The Bees are Disappearing.
Something strange is happening.
Every day, we see less and fewer bees roaming about. Beekeepers in the United States reported a total loss of 42.1 percent of their colonies in the past year alone.
The general term for this epidemic is Colony Collapse Disorder.
And yes, it is as scary as it sounds. Colony Collapse Disorder (CCD for short) is not the name for a single malicious threat, but rather a term that encapsulates all the factors that make it hard for bees to survive. The list of CCD causes range from mite infestations to invasive plant species, but perhaps the biggest threat to the existence of bees is us. Plain and simple. Every year we release approximately 1 billion pounds of pesticides into the air. Since we use neonicotinoids on our crops, bees are exposed to the deadly chemical on a daily basis. When a bee comes in contact with it, they become contaminated and bring the toxic chemical back into the hive. The hive then slowly dies. On top of that, construction and human expansion causes bee hives an unbelievable amount of stress.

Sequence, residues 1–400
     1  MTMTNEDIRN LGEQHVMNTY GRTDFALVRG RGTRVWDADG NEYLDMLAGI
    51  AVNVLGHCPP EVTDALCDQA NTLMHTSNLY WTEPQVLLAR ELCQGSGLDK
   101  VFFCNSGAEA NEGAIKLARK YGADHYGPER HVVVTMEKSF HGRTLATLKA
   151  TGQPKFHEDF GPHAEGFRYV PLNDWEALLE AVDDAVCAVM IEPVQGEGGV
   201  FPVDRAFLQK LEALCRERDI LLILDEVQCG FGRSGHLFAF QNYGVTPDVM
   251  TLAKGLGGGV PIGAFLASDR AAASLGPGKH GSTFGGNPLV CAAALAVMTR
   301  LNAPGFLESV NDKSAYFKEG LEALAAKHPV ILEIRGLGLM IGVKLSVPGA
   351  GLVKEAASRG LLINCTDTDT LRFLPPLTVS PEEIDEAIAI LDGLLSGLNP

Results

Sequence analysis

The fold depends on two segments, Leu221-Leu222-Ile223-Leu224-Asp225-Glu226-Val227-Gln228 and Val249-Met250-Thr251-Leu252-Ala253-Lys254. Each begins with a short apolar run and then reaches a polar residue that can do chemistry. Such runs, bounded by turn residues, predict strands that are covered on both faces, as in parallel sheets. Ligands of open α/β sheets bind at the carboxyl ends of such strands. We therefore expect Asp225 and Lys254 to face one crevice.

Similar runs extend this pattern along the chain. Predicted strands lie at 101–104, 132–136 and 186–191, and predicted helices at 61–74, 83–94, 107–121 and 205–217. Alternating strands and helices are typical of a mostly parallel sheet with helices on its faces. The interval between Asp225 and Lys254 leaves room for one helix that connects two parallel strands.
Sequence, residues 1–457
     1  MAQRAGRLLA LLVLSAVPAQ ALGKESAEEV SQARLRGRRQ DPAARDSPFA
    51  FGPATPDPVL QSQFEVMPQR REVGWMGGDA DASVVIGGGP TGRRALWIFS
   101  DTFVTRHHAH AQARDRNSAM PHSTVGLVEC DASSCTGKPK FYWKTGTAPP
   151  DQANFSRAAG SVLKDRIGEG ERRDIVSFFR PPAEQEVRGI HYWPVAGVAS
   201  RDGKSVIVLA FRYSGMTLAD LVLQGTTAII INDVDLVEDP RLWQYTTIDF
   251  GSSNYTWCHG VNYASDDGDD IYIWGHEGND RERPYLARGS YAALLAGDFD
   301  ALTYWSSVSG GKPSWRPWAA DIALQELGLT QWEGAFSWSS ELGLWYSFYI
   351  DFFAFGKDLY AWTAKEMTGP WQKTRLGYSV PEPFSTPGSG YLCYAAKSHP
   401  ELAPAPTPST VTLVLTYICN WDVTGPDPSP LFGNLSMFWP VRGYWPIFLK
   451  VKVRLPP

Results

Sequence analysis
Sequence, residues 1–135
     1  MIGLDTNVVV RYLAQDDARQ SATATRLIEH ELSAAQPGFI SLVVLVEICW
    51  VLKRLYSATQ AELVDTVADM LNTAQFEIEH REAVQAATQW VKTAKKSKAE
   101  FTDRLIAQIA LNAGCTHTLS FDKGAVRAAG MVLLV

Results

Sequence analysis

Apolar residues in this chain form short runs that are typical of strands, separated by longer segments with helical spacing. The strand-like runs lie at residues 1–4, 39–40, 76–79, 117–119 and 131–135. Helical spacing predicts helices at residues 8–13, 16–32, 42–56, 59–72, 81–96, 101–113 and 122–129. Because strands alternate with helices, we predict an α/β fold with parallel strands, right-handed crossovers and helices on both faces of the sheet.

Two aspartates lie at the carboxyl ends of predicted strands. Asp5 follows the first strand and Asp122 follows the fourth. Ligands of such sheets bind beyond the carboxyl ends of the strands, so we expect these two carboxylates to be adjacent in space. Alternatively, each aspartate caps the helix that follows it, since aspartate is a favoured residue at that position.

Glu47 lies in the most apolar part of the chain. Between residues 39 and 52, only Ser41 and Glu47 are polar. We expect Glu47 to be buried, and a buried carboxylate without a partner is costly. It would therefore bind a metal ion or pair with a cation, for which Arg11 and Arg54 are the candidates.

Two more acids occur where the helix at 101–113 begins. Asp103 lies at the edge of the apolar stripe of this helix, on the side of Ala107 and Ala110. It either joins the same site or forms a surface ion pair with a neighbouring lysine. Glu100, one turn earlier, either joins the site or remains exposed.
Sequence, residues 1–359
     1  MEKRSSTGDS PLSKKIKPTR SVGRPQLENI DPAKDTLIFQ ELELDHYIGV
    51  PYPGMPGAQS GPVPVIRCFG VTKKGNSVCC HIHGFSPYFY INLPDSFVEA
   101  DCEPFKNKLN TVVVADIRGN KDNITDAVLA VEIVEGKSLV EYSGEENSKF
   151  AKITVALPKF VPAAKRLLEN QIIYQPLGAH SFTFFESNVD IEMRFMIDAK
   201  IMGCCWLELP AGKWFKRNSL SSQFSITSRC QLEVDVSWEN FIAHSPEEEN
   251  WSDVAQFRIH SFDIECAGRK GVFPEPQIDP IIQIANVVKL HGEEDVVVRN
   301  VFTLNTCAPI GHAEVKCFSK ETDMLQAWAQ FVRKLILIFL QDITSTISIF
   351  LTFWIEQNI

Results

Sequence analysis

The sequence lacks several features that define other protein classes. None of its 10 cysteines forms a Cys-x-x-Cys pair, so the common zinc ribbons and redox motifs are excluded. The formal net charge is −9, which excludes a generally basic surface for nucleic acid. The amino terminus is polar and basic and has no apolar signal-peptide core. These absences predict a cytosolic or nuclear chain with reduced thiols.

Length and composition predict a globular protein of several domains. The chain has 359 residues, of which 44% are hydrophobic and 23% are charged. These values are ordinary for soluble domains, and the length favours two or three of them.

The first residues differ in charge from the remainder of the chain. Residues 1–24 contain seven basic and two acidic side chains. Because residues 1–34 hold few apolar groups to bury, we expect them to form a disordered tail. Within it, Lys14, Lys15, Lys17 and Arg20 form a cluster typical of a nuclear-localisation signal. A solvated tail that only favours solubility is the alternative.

Why Should We Care About the Bees in the First Place?
Us humans exist on top of a glorious, and fragile pillar we call the “food chain”. Bees are one of, if not, the most important link in the food chain. If they were to die out, crops and plants would stop reproducing, leading to the annihilation of agricultural diversity. Following this, herbivore species would starve to extinction, and with it, the carnivores as well. It wouldn’t take long for this chaos to reach us, the species standing on the top of a crumbling pillar. Food shortages would become more and more common, leaving millions with empty plates. Non-pollinating crops, however, will continue to thrive, reducing our once extravagant meals to a mixture of potatoes, corn, and rice.
Kurzgesagt does an amazing illustrating this problem: